THE HISTORICAL SOCIETY OF TRINIDAD
Publication No. 322.
Report from Lieutenant Drummond on the Island of Tobago to
Francis Holbourne, Naval Commander at Barbados.
Source :-Public Record Office. State Papers Colonial.
Published by the courtesy of the Master of the Rolls and the
Deputy Keeper of the Public Records.
April I8th, 1751.
FRANCIS HOLBOURNE, Esq.
Pursuant to your orders of the 3oth ult., I sailed the next
day from hence with H.M. Ship Tavistock and arrived at
Tobago on the ist inst., when I inspected into the state of
that Island and find as follows, viz.,
Little Tobago. 4 French. I Spaniard. I Boy. I French
woman. Four huts inhabited by French turtlers. Plantains,
Bananas, some corn and a few roots growing. There are
Io Indian men and 2 Indian women with them, one of whom
appeared to be the wife to one of the Frenchmen. They have
lived here 12 years.
Man of War Bay. Called by the French Jean le Maure.
4 French and 2 Indians. Here is one hut inhabited by French
turtlers who have nothing planted. Have been here about
five months. One Frenchman has an Indian wife.
Parlatuvier Bay. 3 French. I French boy and I Indian.
Here are two huts inhabited by French turtlers who have
some plantains and cassada growing. They have been here
for three years. This is a fine large sandy bay with a fresh
Formagio Bay. 2 French. They have two huts, some
plantains and bananas growing and have been here about
12 years. This is a small sandy bay with a fresh water river
and only fit for small vessels.
Grand Courland Bay. Andre Jadouin Rochelle and his
Indian wife. He has two huts, potatoes and plantains growing.
Found riding here a French schooner called the Maie
Catherine, Andre Bompteau Master, from Trinidada with stock
and turtle belonging to and bound for Martinica.
L'Anse pres de l'eau. Between Great and Little Courland
Bays where one Le Borde did live who has been to Martinica
but returned to gather some cotton which he has a pretty
large quantity of. Only found an Indian and his wife and
children in the house who were employed in gathering this
cotton. Afterwards saw Le Borde in a canoe going on board
the French schooner for Martinica who said he came for some
of that cotton. There are also some plantains and Indian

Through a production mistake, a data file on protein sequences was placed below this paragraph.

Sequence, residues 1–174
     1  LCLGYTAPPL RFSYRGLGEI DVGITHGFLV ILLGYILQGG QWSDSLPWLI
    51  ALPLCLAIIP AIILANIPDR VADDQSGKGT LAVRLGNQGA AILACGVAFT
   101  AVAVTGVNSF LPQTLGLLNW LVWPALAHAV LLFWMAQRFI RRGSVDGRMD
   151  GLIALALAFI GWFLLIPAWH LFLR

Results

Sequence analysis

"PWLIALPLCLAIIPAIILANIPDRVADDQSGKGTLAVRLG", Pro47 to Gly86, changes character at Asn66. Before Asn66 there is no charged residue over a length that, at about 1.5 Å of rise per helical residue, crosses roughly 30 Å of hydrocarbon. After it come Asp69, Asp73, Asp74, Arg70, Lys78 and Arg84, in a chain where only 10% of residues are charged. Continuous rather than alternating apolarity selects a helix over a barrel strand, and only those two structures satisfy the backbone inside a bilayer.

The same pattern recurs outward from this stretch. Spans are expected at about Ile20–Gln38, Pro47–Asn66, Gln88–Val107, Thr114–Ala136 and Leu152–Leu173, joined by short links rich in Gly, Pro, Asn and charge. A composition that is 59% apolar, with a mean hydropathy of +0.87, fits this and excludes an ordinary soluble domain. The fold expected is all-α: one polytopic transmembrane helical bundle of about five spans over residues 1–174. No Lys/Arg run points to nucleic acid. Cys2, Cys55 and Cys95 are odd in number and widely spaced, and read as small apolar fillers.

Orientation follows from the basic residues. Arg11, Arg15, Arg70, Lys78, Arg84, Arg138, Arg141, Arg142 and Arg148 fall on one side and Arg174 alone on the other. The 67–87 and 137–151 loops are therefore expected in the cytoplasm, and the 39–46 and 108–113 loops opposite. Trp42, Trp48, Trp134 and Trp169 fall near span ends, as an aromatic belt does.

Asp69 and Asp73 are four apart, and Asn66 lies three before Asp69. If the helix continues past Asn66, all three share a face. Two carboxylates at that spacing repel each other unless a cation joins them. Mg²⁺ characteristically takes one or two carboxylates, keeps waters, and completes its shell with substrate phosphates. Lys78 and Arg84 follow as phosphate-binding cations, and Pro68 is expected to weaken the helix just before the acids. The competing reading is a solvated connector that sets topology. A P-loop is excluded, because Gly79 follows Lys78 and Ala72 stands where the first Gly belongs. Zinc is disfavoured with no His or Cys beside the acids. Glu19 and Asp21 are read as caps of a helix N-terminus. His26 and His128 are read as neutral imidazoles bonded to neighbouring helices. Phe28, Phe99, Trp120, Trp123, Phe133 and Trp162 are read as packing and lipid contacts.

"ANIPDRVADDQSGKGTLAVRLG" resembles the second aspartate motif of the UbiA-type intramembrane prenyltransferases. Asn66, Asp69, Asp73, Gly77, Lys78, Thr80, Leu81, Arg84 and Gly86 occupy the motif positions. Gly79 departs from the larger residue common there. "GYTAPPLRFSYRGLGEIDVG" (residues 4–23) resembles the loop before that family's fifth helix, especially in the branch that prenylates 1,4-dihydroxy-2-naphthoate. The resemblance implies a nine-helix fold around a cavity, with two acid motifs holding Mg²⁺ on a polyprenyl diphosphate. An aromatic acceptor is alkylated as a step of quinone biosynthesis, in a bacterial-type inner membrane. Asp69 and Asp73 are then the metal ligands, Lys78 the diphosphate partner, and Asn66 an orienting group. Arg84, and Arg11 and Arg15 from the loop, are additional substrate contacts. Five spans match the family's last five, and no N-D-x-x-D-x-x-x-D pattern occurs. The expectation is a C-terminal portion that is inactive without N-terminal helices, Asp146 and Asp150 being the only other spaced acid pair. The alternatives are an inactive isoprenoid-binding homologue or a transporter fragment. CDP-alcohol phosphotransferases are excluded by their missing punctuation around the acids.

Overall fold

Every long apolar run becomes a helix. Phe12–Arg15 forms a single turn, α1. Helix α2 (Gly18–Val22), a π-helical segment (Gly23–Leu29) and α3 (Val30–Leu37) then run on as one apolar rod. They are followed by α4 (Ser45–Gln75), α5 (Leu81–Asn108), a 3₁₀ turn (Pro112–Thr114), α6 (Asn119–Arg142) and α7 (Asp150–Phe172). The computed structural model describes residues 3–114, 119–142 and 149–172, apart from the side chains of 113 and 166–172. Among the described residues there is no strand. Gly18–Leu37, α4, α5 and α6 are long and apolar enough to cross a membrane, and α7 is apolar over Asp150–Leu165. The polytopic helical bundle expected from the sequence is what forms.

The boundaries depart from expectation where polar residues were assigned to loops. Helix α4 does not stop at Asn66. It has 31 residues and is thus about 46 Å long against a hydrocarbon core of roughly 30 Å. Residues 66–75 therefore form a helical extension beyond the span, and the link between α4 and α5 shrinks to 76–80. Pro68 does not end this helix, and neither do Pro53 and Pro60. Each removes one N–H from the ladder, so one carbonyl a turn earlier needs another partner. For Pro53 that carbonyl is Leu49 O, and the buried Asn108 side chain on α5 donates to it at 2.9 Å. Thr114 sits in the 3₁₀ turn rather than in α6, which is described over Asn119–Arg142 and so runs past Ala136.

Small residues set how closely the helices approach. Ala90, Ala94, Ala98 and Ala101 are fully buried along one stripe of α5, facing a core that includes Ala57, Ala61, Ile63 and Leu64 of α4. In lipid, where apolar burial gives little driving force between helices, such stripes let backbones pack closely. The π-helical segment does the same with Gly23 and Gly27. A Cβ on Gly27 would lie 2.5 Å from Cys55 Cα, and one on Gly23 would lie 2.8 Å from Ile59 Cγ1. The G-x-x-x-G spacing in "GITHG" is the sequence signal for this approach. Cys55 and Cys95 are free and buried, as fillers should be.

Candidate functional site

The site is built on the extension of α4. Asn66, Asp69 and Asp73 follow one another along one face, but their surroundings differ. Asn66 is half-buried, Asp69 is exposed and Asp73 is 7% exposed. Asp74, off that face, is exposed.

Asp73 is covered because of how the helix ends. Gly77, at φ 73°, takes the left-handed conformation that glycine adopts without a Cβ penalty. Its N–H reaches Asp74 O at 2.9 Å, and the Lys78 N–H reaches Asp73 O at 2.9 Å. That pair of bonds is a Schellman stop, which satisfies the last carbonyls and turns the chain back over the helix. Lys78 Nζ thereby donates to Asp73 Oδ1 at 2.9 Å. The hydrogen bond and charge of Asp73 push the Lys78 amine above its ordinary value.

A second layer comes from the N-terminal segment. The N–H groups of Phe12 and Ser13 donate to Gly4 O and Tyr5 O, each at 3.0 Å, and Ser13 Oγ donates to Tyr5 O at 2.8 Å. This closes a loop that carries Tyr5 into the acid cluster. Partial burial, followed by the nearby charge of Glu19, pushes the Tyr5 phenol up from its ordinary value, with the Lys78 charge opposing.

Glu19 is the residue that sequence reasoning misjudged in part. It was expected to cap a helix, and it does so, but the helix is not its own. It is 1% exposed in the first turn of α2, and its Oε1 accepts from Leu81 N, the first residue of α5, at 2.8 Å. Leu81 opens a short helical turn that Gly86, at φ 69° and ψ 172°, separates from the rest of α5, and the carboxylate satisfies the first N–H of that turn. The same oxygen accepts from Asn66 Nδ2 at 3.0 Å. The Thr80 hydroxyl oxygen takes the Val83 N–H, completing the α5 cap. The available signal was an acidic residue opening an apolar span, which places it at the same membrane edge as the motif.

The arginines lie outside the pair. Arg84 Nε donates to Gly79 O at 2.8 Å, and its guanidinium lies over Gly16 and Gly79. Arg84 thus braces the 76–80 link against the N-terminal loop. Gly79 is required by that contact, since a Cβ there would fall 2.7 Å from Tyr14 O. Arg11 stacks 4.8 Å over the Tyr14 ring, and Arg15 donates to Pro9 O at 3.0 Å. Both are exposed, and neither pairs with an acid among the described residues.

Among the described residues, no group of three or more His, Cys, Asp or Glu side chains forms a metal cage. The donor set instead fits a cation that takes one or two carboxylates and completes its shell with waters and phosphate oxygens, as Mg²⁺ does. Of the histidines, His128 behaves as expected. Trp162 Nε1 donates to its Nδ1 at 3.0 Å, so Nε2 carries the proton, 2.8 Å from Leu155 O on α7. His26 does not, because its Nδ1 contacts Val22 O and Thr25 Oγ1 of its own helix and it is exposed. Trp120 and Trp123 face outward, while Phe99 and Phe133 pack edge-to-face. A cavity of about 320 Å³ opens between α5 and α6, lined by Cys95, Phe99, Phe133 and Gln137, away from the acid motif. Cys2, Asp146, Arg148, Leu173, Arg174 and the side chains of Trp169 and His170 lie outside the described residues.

corn belonging to him.
Little Courland Bay. 3 French. Here is one hut and a
shed. They told us the proclamation was read there but both
the French and English Captains said they might stay there
for the turtle season and then go off. There are some
From this place we proceeded to the Lagoon near Sandy
Point. Found a shed and some provisions in it but no
inhabitants. Here is a turtle crawl.
Sandy Point. 4 English. 2 French. i Spaniard Juan
Augustino. Here is one hut inhabited by English and French
turtlers. There is nothing planted here. One La Croix
belonging to the French turtlers, is gone to Martinica but is
expected back soon.
Great Rockly Bay. 3 French. Here is one hut inhabited
by French turtlers who have been here about three years.
There is nothing planted here.
Little Rockly Bay. 7 French and 3 Indians. Here is
one hut inhabited by French turtlers who have been here
about three years. They have cassada, plantains, guinea corn,
pumpkin and potato growing.
La Guira called by the French Tavoir. I French and
i Indian. Here is one shed and nothing growing. He has
been about two months there.
The French all say that from Little Tobago to Great
Rockly Bay there are none but Indians. I advised them all
to go off according to the proclamations which most of them
promised to do. I weighed fi'om Sandy Point the ioth inst.,
and made the best of my way to this place where I anchored
I am with great respect, oir,
Your most obedient and humble servant,